The argument made against homeopathy usually goes like this:
1. There's nothing in homeopathic medicines
2. If there's nothing in them, they can't work
3. Therefore, homeopathic medicines are placebos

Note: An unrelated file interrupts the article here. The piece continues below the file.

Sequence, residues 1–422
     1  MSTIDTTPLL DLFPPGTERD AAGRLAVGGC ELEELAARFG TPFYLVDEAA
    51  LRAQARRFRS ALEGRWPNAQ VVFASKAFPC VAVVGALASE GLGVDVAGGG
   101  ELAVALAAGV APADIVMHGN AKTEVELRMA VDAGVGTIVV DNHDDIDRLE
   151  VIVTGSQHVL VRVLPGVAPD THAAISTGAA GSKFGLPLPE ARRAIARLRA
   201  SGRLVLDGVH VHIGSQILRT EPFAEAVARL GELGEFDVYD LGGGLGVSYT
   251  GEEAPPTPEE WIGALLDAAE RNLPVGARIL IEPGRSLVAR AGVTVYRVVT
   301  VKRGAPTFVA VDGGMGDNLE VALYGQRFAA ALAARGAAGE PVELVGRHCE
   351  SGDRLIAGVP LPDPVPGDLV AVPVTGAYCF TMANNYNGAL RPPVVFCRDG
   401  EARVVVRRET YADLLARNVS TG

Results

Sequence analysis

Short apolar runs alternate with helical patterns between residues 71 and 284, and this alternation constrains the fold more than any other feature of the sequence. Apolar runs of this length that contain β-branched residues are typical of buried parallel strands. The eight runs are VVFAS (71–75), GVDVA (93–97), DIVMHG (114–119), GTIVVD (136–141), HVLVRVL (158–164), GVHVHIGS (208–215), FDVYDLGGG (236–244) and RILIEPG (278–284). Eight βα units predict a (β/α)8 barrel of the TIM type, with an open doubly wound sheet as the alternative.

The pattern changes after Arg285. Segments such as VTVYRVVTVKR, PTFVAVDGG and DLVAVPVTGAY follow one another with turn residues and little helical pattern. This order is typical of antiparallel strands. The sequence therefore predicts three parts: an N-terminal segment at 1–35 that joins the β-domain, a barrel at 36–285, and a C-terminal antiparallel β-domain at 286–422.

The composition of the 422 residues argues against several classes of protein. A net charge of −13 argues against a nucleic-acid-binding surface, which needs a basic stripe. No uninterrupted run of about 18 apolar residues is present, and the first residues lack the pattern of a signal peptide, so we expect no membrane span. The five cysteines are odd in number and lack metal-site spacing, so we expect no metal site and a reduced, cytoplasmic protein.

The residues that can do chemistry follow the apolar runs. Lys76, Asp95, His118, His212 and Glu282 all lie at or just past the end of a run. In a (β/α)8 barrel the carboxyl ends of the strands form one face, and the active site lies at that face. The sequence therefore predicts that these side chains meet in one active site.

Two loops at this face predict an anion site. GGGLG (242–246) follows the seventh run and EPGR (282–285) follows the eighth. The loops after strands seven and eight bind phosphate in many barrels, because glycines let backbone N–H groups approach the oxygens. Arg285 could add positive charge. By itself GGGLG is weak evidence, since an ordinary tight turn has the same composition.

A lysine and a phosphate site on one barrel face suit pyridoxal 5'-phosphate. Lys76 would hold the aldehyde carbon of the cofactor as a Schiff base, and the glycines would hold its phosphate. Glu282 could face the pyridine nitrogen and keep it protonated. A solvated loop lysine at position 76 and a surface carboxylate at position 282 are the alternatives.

It's a strange argument, because placebos work, by definition, and yet there's nothing in a placebo either. So there's at least one example of a kind of medicine with nothing in it that works. So why not two or more? I'm not saying that homeopathy is not a placebo. I'm saying that this argument does not establish it, because the second premise of the argument is false. Whether homeopathy is placebo can only be established through experimental trial. If trials show that homeopathy gives results statistically different than placebo, then homeopathy is not a placebo. But whether homeopathy is not a placebo can't be established through a priori argument. This is simply because we don't understand what placebos are or how they work. We don't know them when we see them, so we can only determine what is a placebo through experiment. And that is why the a priori argument against homeopathy is just so much hot air.